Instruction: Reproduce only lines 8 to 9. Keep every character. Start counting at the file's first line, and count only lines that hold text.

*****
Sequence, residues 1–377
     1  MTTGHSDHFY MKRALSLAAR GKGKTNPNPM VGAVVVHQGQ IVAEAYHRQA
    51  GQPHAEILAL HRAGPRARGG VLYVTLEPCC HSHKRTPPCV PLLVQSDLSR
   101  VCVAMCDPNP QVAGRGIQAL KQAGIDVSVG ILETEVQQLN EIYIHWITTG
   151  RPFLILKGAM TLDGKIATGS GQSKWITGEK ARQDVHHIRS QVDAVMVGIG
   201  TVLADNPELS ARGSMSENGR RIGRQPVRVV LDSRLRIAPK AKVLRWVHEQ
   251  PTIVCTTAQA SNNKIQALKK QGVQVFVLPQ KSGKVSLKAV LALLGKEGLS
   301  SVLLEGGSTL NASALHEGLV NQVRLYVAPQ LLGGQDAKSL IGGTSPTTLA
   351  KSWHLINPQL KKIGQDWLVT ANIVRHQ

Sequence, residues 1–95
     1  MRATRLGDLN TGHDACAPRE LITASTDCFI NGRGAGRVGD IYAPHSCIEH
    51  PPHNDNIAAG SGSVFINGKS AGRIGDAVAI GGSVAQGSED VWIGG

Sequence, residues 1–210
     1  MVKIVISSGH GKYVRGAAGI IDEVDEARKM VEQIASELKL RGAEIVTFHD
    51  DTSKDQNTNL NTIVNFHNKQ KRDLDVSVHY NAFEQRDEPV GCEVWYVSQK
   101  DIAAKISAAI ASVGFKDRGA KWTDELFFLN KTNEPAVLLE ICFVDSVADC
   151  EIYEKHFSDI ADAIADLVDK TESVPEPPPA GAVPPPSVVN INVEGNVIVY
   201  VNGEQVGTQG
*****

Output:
   301  SVLLEGGSTL NASALHEGLV NQVRLYVAPQ LLGGQDAKSL IGGTSPTTLA
   351  KSWHLINPQL KKIGQDWLVT ANIVRHQ